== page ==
Tensions with American Indians continued to simmer in the early 1870s. The Transcontinental Railroad contributed to western development and the integration of national markets, but it also intruded on American Indian lands. Two military expeditions were dispatched to Montana to protect the railroad and its workers in 1872. The Panic of 1873 bankrupted the Northern Pacific Railroad and temporarily halted railroad building, but the tide of settlers could not be stemmed. In 1874, gold was reportedly discovered in the Black Hills within the heart of the Great Sioux Reservation. By the end of 1875, as many as 15,000 prospectors and miners had flooded the Black Hills in search of gold.
Many of the Sioux and Cheyenne were irate at the presence of so many Americans in violation of the Fort Laramie treaties. Sitting Bull was an elite Lakota Sioux war leader in his mid-40s and a respected holy man who had visions and dreams. Another important leader was the Oglala Lakota supreme war chief Crazy Horse, a leader called a “shirt-wearer”” with a reputation as a fierce warrior. Both resisted the reservations and American encroachment on their lands. They wanted Indian autonomy and were willing to unite and fight for it.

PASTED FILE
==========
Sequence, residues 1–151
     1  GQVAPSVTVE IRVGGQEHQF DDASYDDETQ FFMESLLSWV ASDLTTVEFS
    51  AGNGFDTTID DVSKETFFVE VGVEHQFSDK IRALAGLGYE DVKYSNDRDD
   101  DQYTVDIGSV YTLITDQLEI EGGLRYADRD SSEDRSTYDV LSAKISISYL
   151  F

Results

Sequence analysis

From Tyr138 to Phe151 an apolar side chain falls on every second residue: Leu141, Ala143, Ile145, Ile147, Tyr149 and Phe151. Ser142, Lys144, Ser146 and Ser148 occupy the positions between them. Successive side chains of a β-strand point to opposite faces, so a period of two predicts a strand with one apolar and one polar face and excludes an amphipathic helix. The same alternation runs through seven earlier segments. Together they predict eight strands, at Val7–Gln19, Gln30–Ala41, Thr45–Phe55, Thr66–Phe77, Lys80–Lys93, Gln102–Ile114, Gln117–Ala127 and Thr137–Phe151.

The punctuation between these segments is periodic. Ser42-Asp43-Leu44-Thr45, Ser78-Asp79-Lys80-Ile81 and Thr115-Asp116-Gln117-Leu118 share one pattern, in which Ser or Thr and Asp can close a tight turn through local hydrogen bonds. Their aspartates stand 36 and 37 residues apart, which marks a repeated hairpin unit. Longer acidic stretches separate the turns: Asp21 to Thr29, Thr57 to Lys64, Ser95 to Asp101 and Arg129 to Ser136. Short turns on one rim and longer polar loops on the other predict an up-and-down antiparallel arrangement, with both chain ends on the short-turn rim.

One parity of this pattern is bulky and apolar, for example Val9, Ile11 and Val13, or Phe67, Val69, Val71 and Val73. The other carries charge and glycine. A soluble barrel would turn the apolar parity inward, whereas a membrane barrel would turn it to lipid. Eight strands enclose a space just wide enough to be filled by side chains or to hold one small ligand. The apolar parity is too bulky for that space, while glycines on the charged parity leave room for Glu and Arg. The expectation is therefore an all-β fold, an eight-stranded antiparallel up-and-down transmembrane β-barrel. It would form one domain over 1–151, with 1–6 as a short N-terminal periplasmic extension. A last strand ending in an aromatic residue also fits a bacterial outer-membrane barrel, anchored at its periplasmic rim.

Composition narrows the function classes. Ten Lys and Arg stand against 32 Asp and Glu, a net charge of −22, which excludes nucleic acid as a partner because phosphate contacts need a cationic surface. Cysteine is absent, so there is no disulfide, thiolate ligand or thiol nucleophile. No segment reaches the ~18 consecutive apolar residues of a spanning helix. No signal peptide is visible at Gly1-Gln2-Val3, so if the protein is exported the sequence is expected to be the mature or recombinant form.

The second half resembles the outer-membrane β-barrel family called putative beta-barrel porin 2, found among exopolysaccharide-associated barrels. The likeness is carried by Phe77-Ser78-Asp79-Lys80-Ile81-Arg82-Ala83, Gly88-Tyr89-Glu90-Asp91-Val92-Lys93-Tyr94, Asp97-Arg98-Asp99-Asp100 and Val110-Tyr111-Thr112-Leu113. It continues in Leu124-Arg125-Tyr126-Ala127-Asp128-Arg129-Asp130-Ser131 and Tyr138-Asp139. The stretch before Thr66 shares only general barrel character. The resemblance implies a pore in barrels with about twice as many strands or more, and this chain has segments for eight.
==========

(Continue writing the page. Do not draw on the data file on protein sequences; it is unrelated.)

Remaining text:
In early November 1875, President Ulysses S. Grant met with General Philip Sheridan and other advisors on Indian policy at the White House. They issued an ultimatum for all Sioux outside the reservation to go there by January 31, 1876, or be considered hostile. The Sioux ignored ‘the edict from Washington, DC. Sitting Bull said, “I will not go to the reservation. I have no land to sell. There is plenty of game for us. We have enough ammunition. We don’t want any white men here.”
In March, General George Crook attacked the Cheyenne on the Powder River, prompting them to go to the nearby Oglala camp and then the massive Sioux village. The different Indian tribes decided to unite through the summer and fight the encroaching Americans. In the spring, Sitting Bull called for warriors at the agencies to assemble at his village for war. The U.S. federal government established agencies that provided land, rations, and protection for the American Indians. Nearly 2,000 warriors answered the call and swelled the village of 8,000 American Indians by June. Many were armed with the latest repeating Springfield rifles.